The Arab attitude is, of course, all important. The Partition scheme cannot go forward without their approval. No true friend of the Arabs could advise them to reject it. It is, indeed, remarkable that it is from Jews -- like Lord Samuel -- that the most serious constructive criticism of the report has come. Lord Samuel has made objection to the 225,000 Arabs of the northern area being left in the proposed Jewish state. He has objected to the baiting of the Mufti who is the greatest opponent of the proposed scheme. He has objected to the dangerous corridor between Jerusalem and Jaffa. He clamors for the continuance of the British Mandate and persistence in an experiment which has been tried and found impracticable. In general, Lord Samuel's specific criticisms are perfectly sound and can be incorporated in the ultimate scheme of Partition. But the Arabs should not be deluded into the belief that criticisms of this kind, however reasonable and however skilfully handled, are intended to advance their claim for the restoration of the whole of Palestine to Arab rule. For the Jews it is neck or nothing to secure the continuance of the present Mandatory system, to intensify their plans for immigration, colonization and development, and to await the not-distant day when a Jewish majority can face the future without British assistance. And they have a second string to their bow to be used at need. When all else fails they will turn to the Arabs. With Arab goodwill they can secure the substance of Zionism.
For Great Britain and the Powers within and without the League peace in Palestine is now a primary consideration. The Commission has demonstrated with impressive logic that peace is unattainable under the present system. To secure peace the British Government has announced its willingness to forgo its privileged position in Palestine. But neither the British Government nor the Royal Commission appears to appreciate the point that British privilege in Mandated territory is but the consequence of British responsibilities. In theory, at any rate, the Mandate system confers on the Mandatory no strategic, economic or other interests in Mandated territories. In practice both England and France have not only claimed but secured a special position in 'Iraq and Syria respectively with League approval. The Royal Commission has missed a great opportunity of pointing out so striking an anomaly. Explicitly it recognizes certain strategic interests of Great Britain in Palestine and makes suggestions for their protection under the new régime. This is perhaps regrettable, though unavoidable unless the League is prepared to assume certain responsibilities which the British Government has refrained from thrusting upon it.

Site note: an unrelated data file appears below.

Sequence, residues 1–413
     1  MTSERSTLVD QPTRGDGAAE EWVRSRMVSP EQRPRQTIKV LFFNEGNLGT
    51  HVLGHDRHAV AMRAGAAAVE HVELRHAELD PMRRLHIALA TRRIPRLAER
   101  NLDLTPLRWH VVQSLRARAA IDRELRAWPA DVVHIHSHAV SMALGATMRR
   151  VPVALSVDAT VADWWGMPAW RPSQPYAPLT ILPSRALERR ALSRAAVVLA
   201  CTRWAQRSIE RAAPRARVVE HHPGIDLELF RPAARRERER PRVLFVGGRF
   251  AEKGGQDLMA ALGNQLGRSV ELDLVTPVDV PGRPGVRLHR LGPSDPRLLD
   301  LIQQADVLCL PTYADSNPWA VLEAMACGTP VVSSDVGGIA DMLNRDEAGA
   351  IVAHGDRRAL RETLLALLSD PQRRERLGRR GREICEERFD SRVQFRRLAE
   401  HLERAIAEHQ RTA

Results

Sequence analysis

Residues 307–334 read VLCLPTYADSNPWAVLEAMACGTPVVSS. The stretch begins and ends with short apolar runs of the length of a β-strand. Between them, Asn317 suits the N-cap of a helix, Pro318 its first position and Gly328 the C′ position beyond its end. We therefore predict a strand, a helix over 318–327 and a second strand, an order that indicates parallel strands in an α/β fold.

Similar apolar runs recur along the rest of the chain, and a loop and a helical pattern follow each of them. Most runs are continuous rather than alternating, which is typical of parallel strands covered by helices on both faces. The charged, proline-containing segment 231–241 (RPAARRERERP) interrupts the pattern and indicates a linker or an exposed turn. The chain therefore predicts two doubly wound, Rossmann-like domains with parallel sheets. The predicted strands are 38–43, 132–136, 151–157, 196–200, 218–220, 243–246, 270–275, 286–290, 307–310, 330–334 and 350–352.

Here again it is the opponents of the Partition scheme who put forward the most cogent arguments against the retention of strategic privileges (and responsibilities) in Palestine after the termination of the Mandate. Chief among them is Mr. Winston Churchill who criticizes the dangerous experiment of the Jerusalem-Jaffa corridor and other doubtful military commitments. His arguments are apparently sound from the military point of view. They can easily be met by a simple modification of the proposed arrangements. The Arabs would not object to a special autonomous régime for the holy cities under British or League control. The Haram tracts of Mecca and Madina provide an analogy and precedent for such an enclave, immune from molestation. Arab acceptance of such an enclave, with free access to all intending visitors, would do away with the risks involved in the corridor, which would thus become an integral part of the Arab state with Jaffa as the seaport, wholly under Arab control. An arrangement with the Jews not to develop the rival harbor of Tel Aviv would be balanced by the acceptance of full Jewish sovereignty over Haifa, while Acre and the northern Arabs, included under the Commission's proposals in the Jewish state, should obviously be allowed to amalgamate bodily with the soon-to-be-independent state of Syria. Indeed, the prospect of union between Syria and Arab Palestine may be envisaged with confidence in the not distant future. The whole of the military problem faced by the Commission primarily in the interests of Jerusalem's security thus solves itself. If the single guarantee of Arab Palestine is not sufficient, it could easily be reinforced by a joint guarantee of all the Arab states. And there is something definitely attractive in the idea of reserving the holy cities area in perpetuity as a haven of peace and goodwill.